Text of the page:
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Evaluating Narrative Technology Design

  • Tony Hall
Chapter
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Part of the Digital Education and Learning book series (DEAL)

Abstract

This chapter focuses on children’s experience of the narrative technology design. The analysis of observations of children’s interactions in Re-Tracing the Past centred on examining the design themes that informed the development of the exhibition, and whether the design goals were achieved, particularly in relation to children’s narrativity, engagement, sociality, materiality and so forth. In developing Re-Tracing the Past, this research wanted to create a physical space, within the museum, which children would find inviting and engaging. Furthermore, in the exhibition, through novel computer technology, embedded unobtrusively in the environs, children would innovatively interact with a selection of museum artefacts. They would not be restricted to one activity, but would be able to take different trajectories through the exhibition and engage in a variety of different tasks, at different points in the exhibition, utilising different sensory modalities: for example, touch, sound and vision. It was the intention that children would be engaged throughout and enjoy the experience; they would furthermore find the experience memorable. They would ask questions about objects and enter into educationally productive dialogue with peers and educators. They would demonstrate co-operate activity, and the exhibition would support both individual and collaborative interaction, so children could effectively interact with the exhibition, on their own and/or in groups. Also, within the exhibition, children would be engaged in narrative interaction, which would capture their imagination and encourage them to enact the role of collector or archaeologist themselves.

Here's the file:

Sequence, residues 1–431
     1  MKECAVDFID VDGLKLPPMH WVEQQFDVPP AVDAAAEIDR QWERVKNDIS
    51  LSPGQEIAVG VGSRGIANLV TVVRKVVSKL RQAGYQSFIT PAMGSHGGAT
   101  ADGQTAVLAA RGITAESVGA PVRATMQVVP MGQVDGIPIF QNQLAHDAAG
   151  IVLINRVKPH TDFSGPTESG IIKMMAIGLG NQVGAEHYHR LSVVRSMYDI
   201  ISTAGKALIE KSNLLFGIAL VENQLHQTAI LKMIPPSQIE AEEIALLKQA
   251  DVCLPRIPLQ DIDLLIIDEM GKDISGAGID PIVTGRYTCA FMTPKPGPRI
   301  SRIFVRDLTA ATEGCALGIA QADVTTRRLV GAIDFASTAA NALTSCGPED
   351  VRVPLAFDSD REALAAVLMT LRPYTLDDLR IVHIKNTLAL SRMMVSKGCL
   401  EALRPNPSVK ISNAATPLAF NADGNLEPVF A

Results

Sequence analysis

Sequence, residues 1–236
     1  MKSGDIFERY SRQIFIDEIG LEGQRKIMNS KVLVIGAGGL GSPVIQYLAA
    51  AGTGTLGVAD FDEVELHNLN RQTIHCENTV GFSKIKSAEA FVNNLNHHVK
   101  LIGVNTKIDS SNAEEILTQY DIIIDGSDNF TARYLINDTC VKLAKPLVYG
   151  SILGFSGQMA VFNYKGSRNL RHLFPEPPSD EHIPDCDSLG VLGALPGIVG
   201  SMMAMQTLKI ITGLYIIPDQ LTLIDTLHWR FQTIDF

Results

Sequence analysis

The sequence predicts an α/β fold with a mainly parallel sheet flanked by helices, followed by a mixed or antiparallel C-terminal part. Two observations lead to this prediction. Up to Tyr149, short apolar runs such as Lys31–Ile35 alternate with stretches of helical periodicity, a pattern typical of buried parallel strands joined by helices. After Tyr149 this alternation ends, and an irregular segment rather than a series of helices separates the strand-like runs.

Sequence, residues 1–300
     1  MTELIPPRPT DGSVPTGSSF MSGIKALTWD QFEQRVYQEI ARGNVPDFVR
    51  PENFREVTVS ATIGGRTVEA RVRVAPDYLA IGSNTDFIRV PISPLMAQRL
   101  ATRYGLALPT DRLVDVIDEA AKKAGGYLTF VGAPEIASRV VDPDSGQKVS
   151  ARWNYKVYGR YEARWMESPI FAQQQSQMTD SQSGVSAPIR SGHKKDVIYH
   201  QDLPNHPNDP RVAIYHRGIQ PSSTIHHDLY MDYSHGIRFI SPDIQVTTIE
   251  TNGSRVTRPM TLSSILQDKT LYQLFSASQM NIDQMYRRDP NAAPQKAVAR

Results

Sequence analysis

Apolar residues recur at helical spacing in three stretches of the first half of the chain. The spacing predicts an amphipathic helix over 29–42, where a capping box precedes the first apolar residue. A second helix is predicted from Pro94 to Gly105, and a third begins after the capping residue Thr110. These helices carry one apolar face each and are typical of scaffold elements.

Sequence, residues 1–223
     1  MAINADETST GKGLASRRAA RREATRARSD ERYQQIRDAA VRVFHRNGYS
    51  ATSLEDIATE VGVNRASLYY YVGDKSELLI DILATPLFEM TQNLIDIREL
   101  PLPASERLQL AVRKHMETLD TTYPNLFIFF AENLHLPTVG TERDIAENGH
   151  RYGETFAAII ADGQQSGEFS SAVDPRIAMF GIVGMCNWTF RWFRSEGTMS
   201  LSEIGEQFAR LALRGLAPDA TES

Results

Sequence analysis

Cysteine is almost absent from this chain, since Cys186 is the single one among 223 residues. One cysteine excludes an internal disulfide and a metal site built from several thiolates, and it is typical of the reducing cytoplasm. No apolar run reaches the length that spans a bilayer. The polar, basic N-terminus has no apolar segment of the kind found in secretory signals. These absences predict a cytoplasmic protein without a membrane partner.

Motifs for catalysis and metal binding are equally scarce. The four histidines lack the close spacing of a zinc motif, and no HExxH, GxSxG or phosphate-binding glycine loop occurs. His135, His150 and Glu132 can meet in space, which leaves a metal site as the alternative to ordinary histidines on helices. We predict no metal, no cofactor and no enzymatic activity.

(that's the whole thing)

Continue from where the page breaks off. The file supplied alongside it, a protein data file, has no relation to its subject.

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Copyright information

© The Author(s) 2018

Authors and Affiliations

  • Tony Hall
    • 1
  1. 1.School of EducationNational University of Ireland GalwayGalwayIreland

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